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United States Court of Appeals, Federal Circuit.

AMNEAL PHARMACEUTICALS LLC, Amneal Pharmaceuticals of New York, LLC, Appellants v. ALMIRALL, LLC, Appellee


Decided: June 04, 2020

Before Lourie, Dyk, and Reyna, Circuit Judges. Dennies Varughese, Sterne Kessler Goldstein & Fox, PLLC, Washington, DC, for appellants. Also represented by Adam Larock, Byron Leroy Pickard. James Trainor, IP Litigation, Fenwick & West LLP, New York, NY, for appellee. Also represented by Elizabeth B. Hagan, Seattle, WA.



Amneal Pharmaceuticals LLC and Amneal Pharmaceuticals of New York, LLC (collectively, “Amneal”) move to voluntarily dismiss this appeal from a final decision of the Patent Trial and Appeal Board in an inter partes review (“IPR”) pursuant to Federal Rule of Appellate Procedure 42(b). Almirall, LLC agrees that the appeal should be dismissed, but asks that the court award its reasonable attorney fees and costs pursuant to 35 U.S.C. § 285 and Rules 39 and 42. Specifically, Almirall is seeking attorney fees that were incurred for work on the IPR and in preparing its opposition to the present motion. For the following reasons, we deny that request.


Almirall markets ACZONE® (dapsone) 7.5% topical gel, a prescription medication used to treat acne. The Food and Drug Administration (“FDA”) lists two patents owned by Almirall in the Orange Book as claiming ACZONE: U.S. Patent No. 9,161,926 (“the ’926 patent”) and U.S. Patent No. 9,517,219 (“the ’219 patent”).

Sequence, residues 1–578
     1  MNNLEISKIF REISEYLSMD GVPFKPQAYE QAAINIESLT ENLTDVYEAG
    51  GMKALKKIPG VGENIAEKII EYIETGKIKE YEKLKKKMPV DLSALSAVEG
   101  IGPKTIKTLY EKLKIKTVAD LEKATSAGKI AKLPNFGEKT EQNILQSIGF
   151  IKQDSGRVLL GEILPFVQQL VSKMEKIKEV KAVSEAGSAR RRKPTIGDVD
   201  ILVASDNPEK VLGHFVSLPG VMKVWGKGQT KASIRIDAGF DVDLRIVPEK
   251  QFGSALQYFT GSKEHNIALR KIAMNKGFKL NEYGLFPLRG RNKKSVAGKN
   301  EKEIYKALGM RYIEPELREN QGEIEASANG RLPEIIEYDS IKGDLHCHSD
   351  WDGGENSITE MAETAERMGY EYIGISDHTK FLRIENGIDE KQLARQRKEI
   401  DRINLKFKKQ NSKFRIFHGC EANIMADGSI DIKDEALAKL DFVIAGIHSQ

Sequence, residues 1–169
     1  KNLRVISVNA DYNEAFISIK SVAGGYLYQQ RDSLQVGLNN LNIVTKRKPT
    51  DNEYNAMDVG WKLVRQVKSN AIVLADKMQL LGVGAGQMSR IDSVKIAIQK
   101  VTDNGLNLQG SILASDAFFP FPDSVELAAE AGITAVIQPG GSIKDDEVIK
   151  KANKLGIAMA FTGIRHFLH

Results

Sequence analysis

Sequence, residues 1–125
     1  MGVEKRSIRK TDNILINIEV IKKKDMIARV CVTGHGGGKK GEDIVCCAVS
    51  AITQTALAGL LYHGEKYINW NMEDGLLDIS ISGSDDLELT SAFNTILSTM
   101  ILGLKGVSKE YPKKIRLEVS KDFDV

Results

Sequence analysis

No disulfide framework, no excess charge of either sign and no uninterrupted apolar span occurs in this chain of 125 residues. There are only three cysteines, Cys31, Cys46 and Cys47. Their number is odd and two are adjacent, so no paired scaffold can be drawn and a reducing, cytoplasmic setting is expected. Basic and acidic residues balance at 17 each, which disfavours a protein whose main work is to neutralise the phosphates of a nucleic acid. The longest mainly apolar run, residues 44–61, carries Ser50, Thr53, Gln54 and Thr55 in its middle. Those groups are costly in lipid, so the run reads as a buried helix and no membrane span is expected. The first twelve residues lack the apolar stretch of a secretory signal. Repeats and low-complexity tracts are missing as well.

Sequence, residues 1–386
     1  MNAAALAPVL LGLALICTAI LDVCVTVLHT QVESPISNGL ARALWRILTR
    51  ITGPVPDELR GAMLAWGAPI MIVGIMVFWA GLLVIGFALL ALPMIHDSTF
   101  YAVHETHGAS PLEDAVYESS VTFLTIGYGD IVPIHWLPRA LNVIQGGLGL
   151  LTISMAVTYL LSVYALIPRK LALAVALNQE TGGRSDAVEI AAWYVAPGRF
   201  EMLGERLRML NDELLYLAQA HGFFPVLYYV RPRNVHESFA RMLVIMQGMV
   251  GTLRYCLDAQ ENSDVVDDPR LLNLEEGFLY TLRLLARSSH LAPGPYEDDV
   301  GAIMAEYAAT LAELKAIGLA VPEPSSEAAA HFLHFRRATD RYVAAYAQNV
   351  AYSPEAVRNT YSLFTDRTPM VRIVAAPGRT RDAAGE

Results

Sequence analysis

In advance of seeking regulatory approval to market a generic version of ACZONE, Amneal filed a petition for an IPR in February 2018 (which the Patent Office granted in August 2018) challenging claims of the ’926 patent, and filed a second petition concerning the ’219 patent (not the subject of this appeal) in October 2018. In February 2019, Amneal filed its Abbreviated New Drug Application with the FDA, submitting Paragraph IV certifications for the ’219 patent and the ’926 patent.

Almirall subsequently sued Amneal in district court, alleging infringement of only the ’219 patent. Amneal filed a counterclaim seeking declaratory judgment that the ’926 patent is invalid and is not infringed. Shortly after that suit was filed, the parties engaged in settlement discussions between April 22 and 29, 2019. The parties have differing accounts about what happened during those discussions, but there appears to be some agreement that Almirall offered to enter into a covenant-not-to-sue on the ’926 patent contingent on dismissal of this IPR.